South Malesian BioProvince
This BioProvince (as defined by Armen Takhtajan) comprises the islands of Java, Madura, Babor, Damar, the Lesser Sunda Islands (Nusa Tenggara) including Kangean, Bali, Lombok, Sumbawa, Sumba, Flores and Timor together with Christmas Island some 300 km south of Java. Geologically the area is complex and varied. Java consists of Tertiary and Quaternary volcanics, and uplifted coral limestone. It is thought to have formed during the Miocene some 24 million years ago as a result of subduction processes associated with Australian-Indian Ocean and Eurasian tectonic plates in the area now know as the Java Trench. The Lesser Sunda Islands, on the other hand, represent two geologically distinct archipelagos. Bali, Lombok, Sumbawa, Flores and Wetar form a volcanic northern archipelago which developed during the Pliocene some 15 million years ago when the Australian and the Asian tectonic plates collided although Bali may not have emerged from the sea until about 3 million years ago. The southern archipelago including Sumba, Timor and Babar is non-volcanic and probably part of the Australian Plate. Different again is Christmas Island, which is the summit of a submarine mountain (seamount) of volcanic origin rising some 5000 m from the seabed. It surfaced about 60 million years ago giving rise to a coral atoll. Over time the atoll appears to have sunk but slowly enough for coral limestones to continue building. Then about 10 million years ago the island began to emerge as a series of uplifts and the atoll’s lagoon eventually drained becoming a central plateau. The climate is also relatively complex straddling both tropical wet and tropical dry climatic zones. Java is hot and humid for most of the year with heavy downpours particularly when the western monsoon arrives between October and April, while the Lesser Sunda Islands experience a tropical dry climate, which has given rise to vegetation that is strikingly different from that of the rest of the Indonesian archipelago. The flora is not particularly rich compared with other Malesian islands but it does include four endemic genera: Grissaea (Apocynaceae), Sclerachne, Teyleria (Acanthaceae) and Septogarcinia (Clusiaceae). Species endemism is likewise comparatively poor.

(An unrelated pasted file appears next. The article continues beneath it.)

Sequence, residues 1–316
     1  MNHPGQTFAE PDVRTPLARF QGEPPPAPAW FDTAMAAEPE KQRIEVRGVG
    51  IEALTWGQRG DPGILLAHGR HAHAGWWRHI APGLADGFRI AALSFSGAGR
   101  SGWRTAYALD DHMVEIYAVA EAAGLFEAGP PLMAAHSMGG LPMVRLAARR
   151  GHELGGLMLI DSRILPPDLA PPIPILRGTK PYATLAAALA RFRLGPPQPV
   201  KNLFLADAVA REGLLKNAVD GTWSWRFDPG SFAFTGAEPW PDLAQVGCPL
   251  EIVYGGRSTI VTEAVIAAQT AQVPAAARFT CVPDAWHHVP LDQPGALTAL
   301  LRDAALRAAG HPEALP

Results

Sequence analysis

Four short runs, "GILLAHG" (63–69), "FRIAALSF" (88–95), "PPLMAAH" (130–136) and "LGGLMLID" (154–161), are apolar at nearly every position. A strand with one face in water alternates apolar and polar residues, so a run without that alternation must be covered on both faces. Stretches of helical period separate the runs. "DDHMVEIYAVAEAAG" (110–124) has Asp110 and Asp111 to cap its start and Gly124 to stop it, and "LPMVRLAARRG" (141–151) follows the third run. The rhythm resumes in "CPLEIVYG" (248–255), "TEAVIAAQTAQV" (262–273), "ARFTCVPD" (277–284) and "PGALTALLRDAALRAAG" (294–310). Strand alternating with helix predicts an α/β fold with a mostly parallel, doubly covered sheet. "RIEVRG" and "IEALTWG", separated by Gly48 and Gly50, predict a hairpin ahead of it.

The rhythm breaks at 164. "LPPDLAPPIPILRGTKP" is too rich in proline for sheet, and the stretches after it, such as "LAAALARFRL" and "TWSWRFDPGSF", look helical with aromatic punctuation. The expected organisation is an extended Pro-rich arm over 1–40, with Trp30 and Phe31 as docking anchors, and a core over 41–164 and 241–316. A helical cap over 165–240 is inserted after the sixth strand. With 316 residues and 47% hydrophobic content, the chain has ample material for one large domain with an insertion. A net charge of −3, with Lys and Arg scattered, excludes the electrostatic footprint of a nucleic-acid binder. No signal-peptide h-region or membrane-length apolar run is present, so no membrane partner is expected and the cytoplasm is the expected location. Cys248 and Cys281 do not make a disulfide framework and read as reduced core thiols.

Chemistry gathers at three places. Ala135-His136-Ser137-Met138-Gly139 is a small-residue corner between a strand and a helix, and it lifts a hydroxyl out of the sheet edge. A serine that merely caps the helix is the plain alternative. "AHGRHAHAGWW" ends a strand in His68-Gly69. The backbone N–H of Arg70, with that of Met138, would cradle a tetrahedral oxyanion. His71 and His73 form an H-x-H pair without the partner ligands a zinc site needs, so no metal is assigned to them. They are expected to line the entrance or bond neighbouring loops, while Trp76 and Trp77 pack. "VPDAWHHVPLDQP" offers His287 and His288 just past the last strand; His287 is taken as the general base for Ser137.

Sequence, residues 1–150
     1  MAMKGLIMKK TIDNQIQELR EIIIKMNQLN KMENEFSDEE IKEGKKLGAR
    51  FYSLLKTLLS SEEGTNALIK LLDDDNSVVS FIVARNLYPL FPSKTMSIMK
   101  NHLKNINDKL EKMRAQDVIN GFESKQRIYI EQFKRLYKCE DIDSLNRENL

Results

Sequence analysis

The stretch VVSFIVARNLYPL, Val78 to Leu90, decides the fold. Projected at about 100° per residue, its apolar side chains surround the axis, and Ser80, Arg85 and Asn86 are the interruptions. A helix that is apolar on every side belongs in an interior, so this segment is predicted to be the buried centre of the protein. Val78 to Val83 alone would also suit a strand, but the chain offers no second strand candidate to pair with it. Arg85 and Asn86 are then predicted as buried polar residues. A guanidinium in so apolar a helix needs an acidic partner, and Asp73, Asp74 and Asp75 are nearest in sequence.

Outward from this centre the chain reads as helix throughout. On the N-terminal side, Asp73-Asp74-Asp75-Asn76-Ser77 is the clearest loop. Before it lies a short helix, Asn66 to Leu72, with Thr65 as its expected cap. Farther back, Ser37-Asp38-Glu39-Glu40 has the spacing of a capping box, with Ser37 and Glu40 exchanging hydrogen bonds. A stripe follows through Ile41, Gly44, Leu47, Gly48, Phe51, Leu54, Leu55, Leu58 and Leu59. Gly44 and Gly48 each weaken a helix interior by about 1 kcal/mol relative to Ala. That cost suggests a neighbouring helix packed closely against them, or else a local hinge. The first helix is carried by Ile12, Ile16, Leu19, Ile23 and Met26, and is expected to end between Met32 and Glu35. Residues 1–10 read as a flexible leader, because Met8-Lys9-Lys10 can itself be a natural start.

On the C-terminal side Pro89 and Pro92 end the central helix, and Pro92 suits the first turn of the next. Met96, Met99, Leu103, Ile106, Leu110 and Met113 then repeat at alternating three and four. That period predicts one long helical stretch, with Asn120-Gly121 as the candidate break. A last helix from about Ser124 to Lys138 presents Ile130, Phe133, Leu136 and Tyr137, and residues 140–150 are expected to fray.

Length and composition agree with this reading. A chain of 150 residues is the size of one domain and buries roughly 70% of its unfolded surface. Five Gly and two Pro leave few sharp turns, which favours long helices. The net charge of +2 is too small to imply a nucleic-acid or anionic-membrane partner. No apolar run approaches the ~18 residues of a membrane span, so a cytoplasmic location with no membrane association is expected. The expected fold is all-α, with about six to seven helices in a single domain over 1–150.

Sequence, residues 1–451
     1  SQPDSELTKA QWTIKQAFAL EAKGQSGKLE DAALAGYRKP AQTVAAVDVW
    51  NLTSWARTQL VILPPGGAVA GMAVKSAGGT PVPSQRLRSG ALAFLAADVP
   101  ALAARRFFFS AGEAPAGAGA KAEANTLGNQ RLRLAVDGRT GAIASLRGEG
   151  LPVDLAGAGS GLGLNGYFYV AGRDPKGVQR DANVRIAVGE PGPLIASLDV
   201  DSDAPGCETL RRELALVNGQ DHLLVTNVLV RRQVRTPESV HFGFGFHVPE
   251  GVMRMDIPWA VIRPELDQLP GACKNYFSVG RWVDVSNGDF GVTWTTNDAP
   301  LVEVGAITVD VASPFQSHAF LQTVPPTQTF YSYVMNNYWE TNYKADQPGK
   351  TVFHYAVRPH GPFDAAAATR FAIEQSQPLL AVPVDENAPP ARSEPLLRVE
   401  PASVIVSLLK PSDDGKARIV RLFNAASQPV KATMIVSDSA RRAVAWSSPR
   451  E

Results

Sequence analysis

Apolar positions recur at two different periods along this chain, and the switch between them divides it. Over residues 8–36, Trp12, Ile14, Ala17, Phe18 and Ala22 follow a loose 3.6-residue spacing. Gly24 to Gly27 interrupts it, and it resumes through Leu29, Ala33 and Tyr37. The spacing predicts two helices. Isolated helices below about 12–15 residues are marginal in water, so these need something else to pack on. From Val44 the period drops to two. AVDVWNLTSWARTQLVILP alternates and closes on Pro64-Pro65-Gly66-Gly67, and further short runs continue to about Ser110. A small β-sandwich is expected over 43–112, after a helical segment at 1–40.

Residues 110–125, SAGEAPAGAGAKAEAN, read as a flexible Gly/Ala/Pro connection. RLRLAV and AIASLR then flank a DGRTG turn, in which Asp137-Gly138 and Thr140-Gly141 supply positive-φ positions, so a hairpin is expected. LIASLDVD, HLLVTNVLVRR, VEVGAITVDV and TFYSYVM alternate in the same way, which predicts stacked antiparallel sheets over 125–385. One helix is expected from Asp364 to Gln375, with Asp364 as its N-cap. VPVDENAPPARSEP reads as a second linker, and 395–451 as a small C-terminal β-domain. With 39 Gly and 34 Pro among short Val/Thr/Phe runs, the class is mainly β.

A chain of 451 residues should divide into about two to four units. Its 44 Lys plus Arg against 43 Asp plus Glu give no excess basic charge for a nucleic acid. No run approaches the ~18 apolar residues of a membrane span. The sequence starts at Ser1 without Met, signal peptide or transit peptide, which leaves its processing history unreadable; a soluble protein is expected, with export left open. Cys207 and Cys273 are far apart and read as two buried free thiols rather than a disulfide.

The following accounts for this BioProvince have been written or will be written with particular reference to endemic and locally important species. Accounts available are displayed in green or yellow. Those displayed in red are either in the pipeline or awaiting expert contributions.
|Endemic Vascular Plant Flora|
|Endemic Flora Christmas Island|
|Endemic Flora (Java)|
|Endemic Flora (Lesser Sunda Islands)|